Welcome to the ATSF GP60M in Detail website. Here one can learn the history of the Santa Fe EMD GP60M, as well as take a look at a prototype GP60M from highly detailed, highly specific photos, provided by ATSF modeler, Eric Goodman.

      Enjoy your visit.

History of the GP60M

      In the middle to late 1980s, Santa Fe had negotiated longer crew districts with its various operating unions. With these extended distances, the ATSF began to research the costs involved in redesigning the basic locomotive cab, which had not changed all that much from the early 1960s. Although cab design was slightly modified by EMD with the introduction of its Dash 2 line in 1972, i.e. having clean cab improvements, more improvements were still needed.

      When the Santa Fe decided to redesign a new and comfortable cab, the railway based its foundation on Canadian National's safety cab design. The ATSF cab committee made a series of visits to study a CN SD50F locomotive cab, as well as a BC Rail unit. From the visits, sense was gained from both the improved operating layout, as well as the size of the cab. One thing that continued to impress the design committee was the use of a desktop workstation for the engineer. The other subjects studied were improving chairs and interior illumination.

      After returning from studying the cab, the Santa Fe arranged to borrow from the Canadian National an SD50F locomotive for a series of road tests. The purpose of the exams was to gather reaction from operating crews on the SD50F cab, as well as any further improvements that could be made. After a long, drawn-out skirmish with the U.S. Customs Service, the lone CN SD50F, #5456, was allowed to make one round-trip from Chicago to Los Angeles. The locomotive was paired up with an SDF40-2, an FP45, along with two F45s on the Q-NYLA and Q-LANY. When the train stopped for a crew change, the railroad extended the stop so it could gather crew reactions to the SD50F cab.

      Once the road test was completed, and Canadian National had its SD50F locomotive returned, the Santa Fe cab committee designed at the San Bernardino shops a plywood and plastic prototype of the new cab. It was painted blue and yellow, and was given road number #1000. EMD had also built its own prototype cab, based on feedback from the SD50F road test.

      Early in its research, the cab committee had discussed the production of a GP60 with a cowl body. However, EMD had concluded that the utilization of a cowl body, coupled with a safety cab, would be pushing the weight envelope for four-axle locomotive, and theoretically would have exceeded 305,000 lbs, which would have made the design one of the heaviest four-axle locomotives ever built. So with weight now being a primary concern, the Santa Fe ruled out the possibility of this design.

      After addition renditions, the Santa Fe cab was now formalized with EMD, and featured ditch lights, a six-foot centerline door, moving the nose headlight to the left, and a little off center, as well as numberboards above the windshield, and a tear-drop front windshield. Interiorly, the newly designed cab contained small speakers located above the cab on both sides, as well as sliding windows, a second speedometer on the conductor's side, as well as conductor desktop, and an improved dsktop for the engineer.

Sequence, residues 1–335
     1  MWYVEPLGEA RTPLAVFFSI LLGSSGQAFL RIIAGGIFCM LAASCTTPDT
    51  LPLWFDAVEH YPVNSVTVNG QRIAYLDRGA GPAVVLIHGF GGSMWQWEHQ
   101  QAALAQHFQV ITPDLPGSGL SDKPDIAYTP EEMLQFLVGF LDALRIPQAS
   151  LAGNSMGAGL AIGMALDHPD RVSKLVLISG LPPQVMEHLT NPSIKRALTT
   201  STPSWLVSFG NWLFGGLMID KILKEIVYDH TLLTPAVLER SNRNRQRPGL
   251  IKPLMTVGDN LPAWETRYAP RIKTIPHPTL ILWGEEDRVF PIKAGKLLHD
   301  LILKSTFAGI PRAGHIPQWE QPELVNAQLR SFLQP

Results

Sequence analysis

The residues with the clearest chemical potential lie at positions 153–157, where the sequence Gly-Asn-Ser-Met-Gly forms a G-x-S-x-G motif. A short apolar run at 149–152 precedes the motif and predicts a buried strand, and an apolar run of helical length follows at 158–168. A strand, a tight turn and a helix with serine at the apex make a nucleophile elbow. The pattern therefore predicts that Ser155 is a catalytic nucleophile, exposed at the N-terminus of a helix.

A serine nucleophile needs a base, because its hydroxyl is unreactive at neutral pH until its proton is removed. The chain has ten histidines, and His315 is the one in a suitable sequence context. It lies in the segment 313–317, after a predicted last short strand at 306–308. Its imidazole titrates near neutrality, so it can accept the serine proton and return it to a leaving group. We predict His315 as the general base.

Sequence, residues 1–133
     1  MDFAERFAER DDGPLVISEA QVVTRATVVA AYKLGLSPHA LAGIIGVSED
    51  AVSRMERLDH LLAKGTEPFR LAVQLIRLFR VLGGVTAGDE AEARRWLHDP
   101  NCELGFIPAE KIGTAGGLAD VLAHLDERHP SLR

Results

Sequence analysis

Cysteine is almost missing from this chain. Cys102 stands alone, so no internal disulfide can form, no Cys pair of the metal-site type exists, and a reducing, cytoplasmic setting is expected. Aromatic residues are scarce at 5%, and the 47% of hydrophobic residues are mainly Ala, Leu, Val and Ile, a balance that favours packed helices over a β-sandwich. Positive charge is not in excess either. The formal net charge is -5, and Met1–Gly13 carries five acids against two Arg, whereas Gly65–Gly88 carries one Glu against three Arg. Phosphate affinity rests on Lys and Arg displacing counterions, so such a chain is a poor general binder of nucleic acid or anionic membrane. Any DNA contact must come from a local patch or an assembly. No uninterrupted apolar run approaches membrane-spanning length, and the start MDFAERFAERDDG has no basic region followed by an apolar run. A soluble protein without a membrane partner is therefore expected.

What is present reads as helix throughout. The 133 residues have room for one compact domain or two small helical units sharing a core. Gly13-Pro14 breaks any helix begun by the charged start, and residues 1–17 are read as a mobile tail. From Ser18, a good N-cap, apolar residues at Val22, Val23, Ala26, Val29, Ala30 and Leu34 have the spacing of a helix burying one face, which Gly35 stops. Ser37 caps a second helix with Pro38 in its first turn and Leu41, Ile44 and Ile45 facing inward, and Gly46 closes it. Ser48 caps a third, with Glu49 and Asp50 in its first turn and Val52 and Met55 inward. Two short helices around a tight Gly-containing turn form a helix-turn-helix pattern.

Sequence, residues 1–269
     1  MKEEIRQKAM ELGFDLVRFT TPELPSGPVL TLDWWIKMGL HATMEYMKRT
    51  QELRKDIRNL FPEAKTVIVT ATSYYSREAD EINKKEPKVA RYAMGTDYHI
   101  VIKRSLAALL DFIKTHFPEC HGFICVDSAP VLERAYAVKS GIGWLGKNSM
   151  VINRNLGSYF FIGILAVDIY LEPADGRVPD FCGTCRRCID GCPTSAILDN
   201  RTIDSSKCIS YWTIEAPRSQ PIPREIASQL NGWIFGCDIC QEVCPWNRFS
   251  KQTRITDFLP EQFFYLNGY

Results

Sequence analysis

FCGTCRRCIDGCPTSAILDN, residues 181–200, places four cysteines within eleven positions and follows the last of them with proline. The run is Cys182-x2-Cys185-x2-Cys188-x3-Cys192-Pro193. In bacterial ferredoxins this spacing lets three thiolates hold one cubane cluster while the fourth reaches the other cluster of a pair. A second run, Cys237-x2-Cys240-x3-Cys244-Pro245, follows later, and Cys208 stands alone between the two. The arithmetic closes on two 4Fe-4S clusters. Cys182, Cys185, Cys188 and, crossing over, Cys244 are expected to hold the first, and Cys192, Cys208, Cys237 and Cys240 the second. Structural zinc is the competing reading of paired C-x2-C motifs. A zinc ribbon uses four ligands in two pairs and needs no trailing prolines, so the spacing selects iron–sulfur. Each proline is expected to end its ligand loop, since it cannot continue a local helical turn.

When Santa Fe gained its second order for the GP60, the order arrived with the ATSF-designed Safety Cab, and was numbered in the 100-162 series, for a total of 63 units. The order began arriving in May 1990. The first two units, #100 and #101, had their maiden trip with FP45's #96 and #92 on the Q-NYLA train.

      Besides having the Safety Cab, this second order of EMD GP60s also received the updated Santa Fe Warbonnet paint scheme - applied to all "Super Flee" locomotives. Less subtle changes included factory installed ditch lights, and a fuel tank that was set towards the back of the locomotive to help offset the weight of the safety cab.

      This order of GP60Ms weighed in at 282,000 pounds, and produced 63,070 pounds of tractive effort at 10.5 mph. All of the 63 locomotives within the order received the Warbonnet paint scheme, except for one engine, #146. This locomotive was painted in the modified baby-blue warbonnet paint scheme for German shipper Maersk at Santa Fe's Topeka shops. The locomotive was done up this way for a few days of doing photo shoot publicity work for Maersk on Cajon Pass in California. After completing this job, the unit was sent back to Topeka to receive its Super Fleet colors.

      While the FP45s had introduced the concept of the Warbonnet-painted Super Fleet, it was the GP60Ms that were the main attraction of marketing, and the locomotives made numerous publicity appearances.

      Today, the GP60M locomotive class remains relatively intact. As of this writing, only three locomotives were removed from the roster because of wrecks. GP60Ms #148 and #152 were lost on 7 November 1990 when two ATSF trains met head-on at Corona, CA. The locomotives were thoroughly destroyed by fire and wreck forces, and were then retired and sold in January 1991 to Chrome Crankshaft for scrap. The third GP60M to be lost was #144. The unit was involved in the first of two runaway accidents on Cajon Pass, on 14 December 1994. The locomotive was stricken from the Santa Fe roster in April 1995, being sold for scrap to Erman of Kansas City, Kansas.



Prime Mover 16-710G3 Truck Type B-B Weight 282,000 lbs.
Length 59' 2" Drivers 40" Dynamic Brakes XR
Width 10' 3" Gear Ratio 69:18 Main Generator AR17WBA
Height 15' 6" Top Speed 70+ mph Alternator D76BTR
Fuel Capacity 3,200 U.S. gallons Traction Motors D76BTR Horsepower 3,800


ALL photos are copyright by Eric Goodman and cannot be used without his permission.
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